National Oceanic and
Atmospheric Administration
United States Department of Commerce


FY 2016

Hydrogen and thiosulfate limits for growth of a thermophilic, autotrophic Desulfurobacterium species from a deep-sea hydrothermal vent

Stewart, L.C., J.G. Llewellyn, D.A. Butterfield, M.D. Lilley, and J.F. Holden

Environ. Microbiol., 8, 196–200, doi: 10.1111/1758-2229.12368 (2016)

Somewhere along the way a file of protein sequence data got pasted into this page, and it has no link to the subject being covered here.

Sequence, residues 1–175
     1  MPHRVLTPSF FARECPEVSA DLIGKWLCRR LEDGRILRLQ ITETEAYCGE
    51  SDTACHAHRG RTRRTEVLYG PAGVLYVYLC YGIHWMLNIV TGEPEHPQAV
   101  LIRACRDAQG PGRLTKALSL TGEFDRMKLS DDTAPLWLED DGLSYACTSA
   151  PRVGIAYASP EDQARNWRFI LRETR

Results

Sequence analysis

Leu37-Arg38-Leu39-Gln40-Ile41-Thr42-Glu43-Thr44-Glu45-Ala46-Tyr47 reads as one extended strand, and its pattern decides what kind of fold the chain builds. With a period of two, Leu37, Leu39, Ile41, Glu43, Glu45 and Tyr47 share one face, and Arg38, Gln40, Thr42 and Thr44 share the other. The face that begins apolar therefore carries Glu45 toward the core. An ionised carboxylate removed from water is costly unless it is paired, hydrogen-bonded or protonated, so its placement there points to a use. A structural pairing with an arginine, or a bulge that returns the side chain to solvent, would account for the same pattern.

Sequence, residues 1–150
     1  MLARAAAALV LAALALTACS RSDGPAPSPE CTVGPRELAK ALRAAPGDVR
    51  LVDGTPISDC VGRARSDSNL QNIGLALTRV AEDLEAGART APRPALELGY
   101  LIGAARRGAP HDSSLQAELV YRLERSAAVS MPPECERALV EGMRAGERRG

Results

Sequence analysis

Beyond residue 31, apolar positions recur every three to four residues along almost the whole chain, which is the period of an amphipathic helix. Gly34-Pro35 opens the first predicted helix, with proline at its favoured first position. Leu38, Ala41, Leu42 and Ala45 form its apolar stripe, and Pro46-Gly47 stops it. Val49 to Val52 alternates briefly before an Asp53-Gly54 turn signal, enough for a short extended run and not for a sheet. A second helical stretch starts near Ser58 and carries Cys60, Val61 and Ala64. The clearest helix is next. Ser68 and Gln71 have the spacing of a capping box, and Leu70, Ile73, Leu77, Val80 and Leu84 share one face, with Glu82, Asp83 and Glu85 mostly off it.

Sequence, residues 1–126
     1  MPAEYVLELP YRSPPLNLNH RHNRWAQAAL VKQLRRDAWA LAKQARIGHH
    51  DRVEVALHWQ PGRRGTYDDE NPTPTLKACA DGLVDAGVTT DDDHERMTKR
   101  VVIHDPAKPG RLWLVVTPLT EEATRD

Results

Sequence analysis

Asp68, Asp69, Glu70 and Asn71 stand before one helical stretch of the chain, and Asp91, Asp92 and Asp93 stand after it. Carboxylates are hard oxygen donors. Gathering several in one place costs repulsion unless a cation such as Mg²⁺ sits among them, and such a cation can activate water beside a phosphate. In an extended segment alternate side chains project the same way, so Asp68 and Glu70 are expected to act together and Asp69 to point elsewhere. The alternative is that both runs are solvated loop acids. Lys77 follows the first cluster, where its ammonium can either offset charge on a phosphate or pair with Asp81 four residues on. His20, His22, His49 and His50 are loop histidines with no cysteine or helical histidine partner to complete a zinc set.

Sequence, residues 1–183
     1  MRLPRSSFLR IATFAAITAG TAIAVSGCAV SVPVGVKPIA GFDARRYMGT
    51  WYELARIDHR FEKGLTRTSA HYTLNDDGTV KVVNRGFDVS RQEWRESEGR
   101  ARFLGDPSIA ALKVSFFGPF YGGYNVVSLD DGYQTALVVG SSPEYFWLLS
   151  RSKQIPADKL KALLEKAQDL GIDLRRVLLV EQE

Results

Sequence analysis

Hydrothermal fluids (341°C and 19°C) were collected < 1 m apart from a black smoker chimney and a tubeworm mound on the Boardwalk edifice at the Endeavour Segment in the northeastern Pacific Ocean to study anaerobic microbial growth in hydrothermal mineral deposits. Geochemical modelling of mixed vent fluid and seawater suggests the mixture was anoxic above 55°C and that low H2 concentrations (79 μmol kg−1 in end-member hydrothermal fluid) limit anaerobic hydrogenotrophic growth above this temperature. A thermophilic, hydrogenotrophic sulfur reducer, Desulfurobacterium strain HR11, was isolated from the 19°C fluid raising questions about its H2-dependent growth kinetics. Strain HR11 grew at 40–77°C (Topt 72–75°C), pH 5–8.5 (pHopt 6–7) and 1–5% (wt vol−1) NaCl (NaClopt 3–4%). The highest growth rates occurred when S2O32− and S° were reduced to H2S. Modest growth occurred by NO3 reduction. Monod constants for its growth were Ks of 30 μM for H2 and Ks of 20 μM for S2O32− with a μmax of 2.0 h−1. The minimum H2 and S2O32− concentrations for growth were 3 μM and 5 μM respectively. Possible sources of S2O32− and S° are from abiotic dissolved sulfide and pyrite oxidation by O2.

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